September - October 1999
eMail the Editor
Test-Handler Makers Look at the Challenges Ahead
The growing popularity of CSPs has forced test-handler makers to invent new methods and/or adopt old techniques for accommodating the leadframe-free needs of these advanced packages.- By Ron Iscoff, Editor
Makers of semiconductor capital equipment must often feel that they are running on a treadmill in their efforts to keep up with the expanding applications demanded by users.
Count suppliers of test handlers within this group. They are faced with decreasing packaging sizes and the need to test sometimes at low speed, sometimes at high speed. The introduction of the Rambus-based DRAM has created a whole new wrinkle in the test-handler game in terms of speed and the number of steps.
Consider too that CSPs have forced new mechanical and thermal requirements on test handlers, because these smaller packages do not have a leadframe to dissipate the heat generated during test. Additionally, the test industry has been, and continues to be, mired in a desperate attempt to wring acceptable standards out of the several dozen makers of test handlers.
"The challenges for building test handlers for CSPs is one of unique mechanical and thermal requirements," says Bruce O'Connor, president of Aju Systems USA Inc., San Diego. Additionally, the coming of Rambus "has required that devices make two passes through the handler-one for functional test and one at extremely high speed."
The high prices of Rambus testers, O'Connor adds, have pushed the envelope of "minimum test times" and high sorting speeds. Rambus handlers are required to index the handling tray by as many as 16x, to allow for testing 4, 8, 16, 32 and 64 devices in parallel.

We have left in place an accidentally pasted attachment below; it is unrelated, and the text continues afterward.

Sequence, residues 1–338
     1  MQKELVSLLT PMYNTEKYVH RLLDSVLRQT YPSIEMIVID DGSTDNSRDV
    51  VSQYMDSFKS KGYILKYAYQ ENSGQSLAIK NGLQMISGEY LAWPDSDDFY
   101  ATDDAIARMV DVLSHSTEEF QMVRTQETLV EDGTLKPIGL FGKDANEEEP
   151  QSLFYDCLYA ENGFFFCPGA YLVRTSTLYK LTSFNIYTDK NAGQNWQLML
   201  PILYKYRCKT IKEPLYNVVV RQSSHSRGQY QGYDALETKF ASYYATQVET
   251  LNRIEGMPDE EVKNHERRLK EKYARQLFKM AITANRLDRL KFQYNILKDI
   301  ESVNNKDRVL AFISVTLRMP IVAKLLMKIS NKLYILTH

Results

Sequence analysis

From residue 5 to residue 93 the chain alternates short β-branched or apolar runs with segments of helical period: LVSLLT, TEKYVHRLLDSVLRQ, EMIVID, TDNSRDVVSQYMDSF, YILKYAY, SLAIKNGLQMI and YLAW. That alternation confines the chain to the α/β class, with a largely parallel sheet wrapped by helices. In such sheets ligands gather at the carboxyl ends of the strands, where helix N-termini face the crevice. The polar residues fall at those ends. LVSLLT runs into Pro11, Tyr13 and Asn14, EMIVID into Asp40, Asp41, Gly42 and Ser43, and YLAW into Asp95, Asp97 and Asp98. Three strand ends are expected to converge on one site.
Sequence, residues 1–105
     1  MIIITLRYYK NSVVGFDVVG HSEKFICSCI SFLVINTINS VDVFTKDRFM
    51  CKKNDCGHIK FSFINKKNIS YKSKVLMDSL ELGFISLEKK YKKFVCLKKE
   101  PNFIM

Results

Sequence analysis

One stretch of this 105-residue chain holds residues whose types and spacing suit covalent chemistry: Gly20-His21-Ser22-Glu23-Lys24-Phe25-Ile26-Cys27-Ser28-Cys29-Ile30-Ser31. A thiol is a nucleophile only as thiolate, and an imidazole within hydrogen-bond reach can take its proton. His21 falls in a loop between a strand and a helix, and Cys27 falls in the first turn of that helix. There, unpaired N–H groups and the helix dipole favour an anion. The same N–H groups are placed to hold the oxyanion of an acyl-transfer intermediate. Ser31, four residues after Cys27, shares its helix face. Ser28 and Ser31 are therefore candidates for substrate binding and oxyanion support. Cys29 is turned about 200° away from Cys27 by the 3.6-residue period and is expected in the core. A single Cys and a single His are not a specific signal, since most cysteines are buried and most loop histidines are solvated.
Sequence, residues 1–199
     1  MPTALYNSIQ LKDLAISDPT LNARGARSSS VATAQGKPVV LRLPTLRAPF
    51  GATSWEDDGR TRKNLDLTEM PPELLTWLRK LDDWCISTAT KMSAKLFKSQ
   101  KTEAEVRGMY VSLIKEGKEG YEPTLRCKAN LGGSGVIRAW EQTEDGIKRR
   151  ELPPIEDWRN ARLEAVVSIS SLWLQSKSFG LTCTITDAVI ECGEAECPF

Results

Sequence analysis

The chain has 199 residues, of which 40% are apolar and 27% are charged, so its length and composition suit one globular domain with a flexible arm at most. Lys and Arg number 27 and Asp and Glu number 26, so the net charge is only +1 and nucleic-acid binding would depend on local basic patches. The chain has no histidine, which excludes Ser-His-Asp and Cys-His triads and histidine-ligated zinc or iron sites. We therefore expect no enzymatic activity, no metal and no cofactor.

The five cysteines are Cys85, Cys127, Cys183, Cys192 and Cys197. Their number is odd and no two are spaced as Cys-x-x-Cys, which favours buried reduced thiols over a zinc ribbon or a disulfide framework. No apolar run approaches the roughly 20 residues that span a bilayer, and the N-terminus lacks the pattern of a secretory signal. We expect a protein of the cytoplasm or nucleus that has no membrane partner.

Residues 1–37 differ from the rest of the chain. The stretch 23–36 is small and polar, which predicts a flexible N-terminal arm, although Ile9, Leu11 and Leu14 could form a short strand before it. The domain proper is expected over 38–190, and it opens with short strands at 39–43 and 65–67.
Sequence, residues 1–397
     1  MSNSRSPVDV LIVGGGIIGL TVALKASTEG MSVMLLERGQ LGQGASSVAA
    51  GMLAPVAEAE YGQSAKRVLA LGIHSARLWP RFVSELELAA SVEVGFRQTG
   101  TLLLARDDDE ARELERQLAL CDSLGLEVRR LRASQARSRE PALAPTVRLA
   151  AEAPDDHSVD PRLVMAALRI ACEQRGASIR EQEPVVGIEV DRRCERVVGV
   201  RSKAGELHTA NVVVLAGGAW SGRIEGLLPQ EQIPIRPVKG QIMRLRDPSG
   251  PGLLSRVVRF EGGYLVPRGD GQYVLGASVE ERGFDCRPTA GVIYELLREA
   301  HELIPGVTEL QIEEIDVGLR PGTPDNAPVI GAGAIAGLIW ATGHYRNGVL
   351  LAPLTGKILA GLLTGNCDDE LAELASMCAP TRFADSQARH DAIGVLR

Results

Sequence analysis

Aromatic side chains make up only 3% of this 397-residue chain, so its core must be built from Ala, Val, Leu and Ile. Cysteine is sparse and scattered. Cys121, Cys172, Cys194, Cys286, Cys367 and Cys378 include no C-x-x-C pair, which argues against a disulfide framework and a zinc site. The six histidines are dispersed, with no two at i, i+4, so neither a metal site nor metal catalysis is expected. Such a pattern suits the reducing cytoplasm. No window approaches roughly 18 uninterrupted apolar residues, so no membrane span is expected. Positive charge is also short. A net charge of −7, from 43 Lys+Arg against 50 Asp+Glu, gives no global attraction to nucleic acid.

The mechanical requirements between a TSOP type II and CSP devices with 0.25-mm ball size make locating the devices a multistep process and "required a great deal of Swiss watch engineering," he notes.
The CNA/MPX handler, distributed by Aju Systems, is a joint Korean-Taiwanese development.
O'Connor says the handler offers many unique features, including a patented tray that closes like a book, enabling the tester to protect the device from damage. Tester docking is vertical, and there is no precising of the devices from the JEDEC tray to the handling tray, which saves time and makes the handler easier to use.
Handlers do not usually know the temperature of a CSP device. This temperature changes when you apply 1, 2 or 3 watts. The MPX handler, O'Connor, says, is the "only handler with spot heating and cooling, which is accomplished with a three-stage temperature control." Figure 1 shows the user tray transfer flow (UTT).
Meanwhile Advantest's new M6751A Dynamic Test Handler (Figure 2) boasts the industry's highest throughput: 4500 devices/hour when coupled with Advantest's T5591 Memory Test System. Advantest, according to VLSI Research, controls 32 percent of the worldwide handler market in both gravity-fed and pick-and-place categories.
Aetrium Inc., St. Paul, Minn., recently demonstrated what it terms "the industry's first dynamic temperature control system for IC test handler applications," the Aetrium Model DTX Engineering System (Figure 3).
The DTX, according to Aetrium, is the first of a full line of dynamic temperature control IC handlers that the company is developing for high-volume production uses. Unlike conventional handler designs, which employ a chamber to thermally condition ICs before and during test, the DTX uses Aetrium's proprietary conductive thermal technology. This technology monitors and controls the temperature of the ICs under test.
This unit will enable customers to test ICs, such as Direct Rambus DRAM devices, across the full range of temperature requirements in one pass, without having to take the IC out of the test socket.